Mahopac, paying 46K in 1975 for the house at 21 Sycamore Terrace. It was an odd duck.
Sort of a Cape Cod style on the outside, but with a large living room leading off to a
patio. The other rooms were small; the two bedrooms on the second floor were
reached by a steep staircase. I transformed the house on the outside, covering up
asbestos shingles with Adirondack cedar shingles, and staining them grey. I painted
and wallpapered the rooms twice. Retiring to Cape Cod in 1993, we sold it to a
couple from Queens for 175K. (The market value is now estimated at 362K).

We bought 81 Maple Lane for 125K. It had been on the market for two years. I
did everything possible to that house, inside and out, except install gutters, which
the new owners have done. It is their vacation home, and they wrote me recently
how pleased they are with it. We did a lot of living in that house, but it became
a lonely place for me after Mom died. I held out for 365K when it was on the
market in 2009 and am pleased that the present market estimate is 363K.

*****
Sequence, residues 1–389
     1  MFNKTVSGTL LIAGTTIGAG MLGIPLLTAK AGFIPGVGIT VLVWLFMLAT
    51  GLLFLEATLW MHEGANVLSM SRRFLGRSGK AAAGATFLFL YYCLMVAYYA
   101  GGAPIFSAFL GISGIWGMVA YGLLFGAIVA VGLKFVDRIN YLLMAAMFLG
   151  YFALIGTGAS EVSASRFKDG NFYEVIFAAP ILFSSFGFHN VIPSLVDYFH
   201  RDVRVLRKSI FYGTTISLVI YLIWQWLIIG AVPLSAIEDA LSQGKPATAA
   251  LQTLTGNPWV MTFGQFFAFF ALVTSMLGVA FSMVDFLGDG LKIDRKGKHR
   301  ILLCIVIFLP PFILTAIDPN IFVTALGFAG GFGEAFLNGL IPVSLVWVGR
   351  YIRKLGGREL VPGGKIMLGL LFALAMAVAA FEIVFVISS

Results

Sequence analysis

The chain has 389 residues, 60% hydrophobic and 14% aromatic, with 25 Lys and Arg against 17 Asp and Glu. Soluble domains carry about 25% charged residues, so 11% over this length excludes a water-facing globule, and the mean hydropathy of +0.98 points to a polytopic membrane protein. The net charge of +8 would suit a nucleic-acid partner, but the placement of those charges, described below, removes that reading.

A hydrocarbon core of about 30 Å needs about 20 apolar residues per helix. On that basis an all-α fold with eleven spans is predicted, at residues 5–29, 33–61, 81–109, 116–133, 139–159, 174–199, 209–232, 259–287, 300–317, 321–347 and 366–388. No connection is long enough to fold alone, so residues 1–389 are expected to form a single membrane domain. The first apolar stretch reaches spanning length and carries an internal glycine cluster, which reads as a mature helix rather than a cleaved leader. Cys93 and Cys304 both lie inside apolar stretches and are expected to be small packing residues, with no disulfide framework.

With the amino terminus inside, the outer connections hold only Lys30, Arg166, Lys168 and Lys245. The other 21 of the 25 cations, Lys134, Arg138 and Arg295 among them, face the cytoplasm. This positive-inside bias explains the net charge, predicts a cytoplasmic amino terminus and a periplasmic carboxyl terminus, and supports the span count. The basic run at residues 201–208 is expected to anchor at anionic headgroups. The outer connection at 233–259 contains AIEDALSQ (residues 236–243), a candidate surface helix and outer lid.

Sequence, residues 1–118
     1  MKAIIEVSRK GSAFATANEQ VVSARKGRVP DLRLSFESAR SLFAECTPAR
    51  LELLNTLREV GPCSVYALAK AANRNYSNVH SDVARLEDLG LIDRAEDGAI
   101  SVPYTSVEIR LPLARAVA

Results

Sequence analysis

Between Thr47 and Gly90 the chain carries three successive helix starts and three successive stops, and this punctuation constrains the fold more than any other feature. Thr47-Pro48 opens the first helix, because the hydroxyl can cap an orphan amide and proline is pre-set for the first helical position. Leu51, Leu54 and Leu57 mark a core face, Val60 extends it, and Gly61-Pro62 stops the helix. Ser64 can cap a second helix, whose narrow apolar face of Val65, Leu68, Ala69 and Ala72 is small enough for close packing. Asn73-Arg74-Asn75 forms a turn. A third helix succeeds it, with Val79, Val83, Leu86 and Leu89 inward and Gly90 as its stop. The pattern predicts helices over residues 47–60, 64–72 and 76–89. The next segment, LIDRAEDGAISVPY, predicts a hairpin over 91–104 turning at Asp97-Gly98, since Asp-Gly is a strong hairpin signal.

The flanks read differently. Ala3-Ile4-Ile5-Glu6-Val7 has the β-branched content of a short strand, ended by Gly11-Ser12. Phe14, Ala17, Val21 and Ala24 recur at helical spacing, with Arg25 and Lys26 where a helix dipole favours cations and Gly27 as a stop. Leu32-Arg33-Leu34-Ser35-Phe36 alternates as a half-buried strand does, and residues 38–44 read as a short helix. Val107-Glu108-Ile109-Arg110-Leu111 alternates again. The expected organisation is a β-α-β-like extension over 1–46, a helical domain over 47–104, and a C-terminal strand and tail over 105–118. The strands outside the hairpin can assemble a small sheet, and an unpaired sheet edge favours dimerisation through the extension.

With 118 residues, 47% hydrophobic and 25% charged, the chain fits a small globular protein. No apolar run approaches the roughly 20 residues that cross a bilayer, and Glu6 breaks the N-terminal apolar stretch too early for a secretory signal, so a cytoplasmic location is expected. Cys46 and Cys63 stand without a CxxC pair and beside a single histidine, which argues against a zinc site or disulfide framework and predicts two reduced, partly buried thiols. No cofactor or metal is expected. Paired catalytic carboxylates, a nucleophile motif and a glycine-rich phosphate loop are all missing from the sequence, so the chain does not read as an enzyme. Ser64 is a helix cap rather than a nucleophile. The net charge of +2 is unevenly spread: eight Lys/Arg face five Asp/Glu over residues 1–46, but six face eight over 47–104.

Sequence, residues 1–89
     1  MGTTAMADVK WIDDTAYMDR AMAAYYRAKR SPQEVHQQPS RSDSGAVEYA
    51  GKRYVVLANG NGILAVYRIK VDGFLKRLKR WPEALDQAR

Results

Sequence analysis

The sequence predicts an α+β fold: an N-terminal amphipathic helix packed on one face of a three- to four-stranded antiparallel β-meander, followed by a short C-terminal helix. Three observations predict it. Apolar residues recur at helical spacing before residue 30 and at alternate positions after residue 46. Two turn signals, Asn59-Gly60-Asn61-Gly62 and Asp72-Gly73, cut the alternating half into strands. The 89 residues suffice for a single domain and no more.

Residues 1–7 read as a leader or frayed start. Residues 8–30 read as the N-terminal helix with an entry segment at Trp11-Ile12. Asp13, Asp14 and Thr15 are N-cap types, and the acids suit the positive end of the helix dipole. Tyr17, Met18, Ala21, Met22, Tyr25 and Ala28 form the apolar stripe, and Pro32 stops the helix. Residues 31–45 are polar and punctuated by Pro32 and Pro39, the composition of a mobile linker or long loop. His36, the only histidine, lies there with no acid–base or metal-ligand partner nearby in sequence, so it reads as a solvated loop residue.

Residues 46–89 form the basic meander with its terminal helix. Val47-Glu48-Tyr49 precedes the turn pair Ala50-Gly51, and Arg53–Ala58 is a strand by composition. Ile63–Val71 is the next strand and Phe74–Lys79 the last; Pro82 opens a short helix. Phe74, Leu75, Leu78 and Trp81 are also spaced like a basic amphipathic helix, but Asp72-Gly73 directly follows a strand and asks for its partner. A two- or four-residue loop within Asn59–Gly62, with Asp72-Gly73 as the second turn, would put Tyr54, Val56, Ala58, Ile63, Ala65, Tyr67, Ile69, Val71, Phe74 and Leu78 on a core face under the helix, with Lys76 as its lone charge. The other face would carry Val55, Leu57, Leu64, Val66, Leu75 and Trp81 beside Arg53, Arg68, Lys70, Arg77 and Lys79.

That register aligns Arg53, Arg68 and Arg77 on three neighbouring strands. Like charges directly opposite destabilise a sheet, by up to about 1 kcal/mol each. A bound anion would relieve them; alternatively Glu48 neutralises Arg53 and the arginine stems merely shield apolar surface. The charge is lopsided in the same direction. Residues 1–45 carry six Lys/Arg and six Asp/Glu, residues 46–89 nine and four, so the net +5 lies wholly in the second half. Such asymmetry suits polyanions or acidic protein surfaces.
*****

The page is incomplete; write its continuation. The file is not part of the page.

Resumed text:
Now I share a small corner of a grand house, designed and built by the owner,
who has it in trust for her daughters. With our two incomes, we can manage the
operating expenses, though they are steadily increasing. The price of oil is a killer,
but we can't get natural gas on this road. Since I moved in, we have already
invested 50K in capital improvements. I lent the owner 25K; she has a line of
credit for 20K. How long we will be able to stay here is problematical,
depending mostly on the state of our health. She has long term care insurance;
I am self-insured by investing the proceeds from sale of my house.

Anyway, it is a beautiful surrounding we live in, so we enjoy it as much as possible!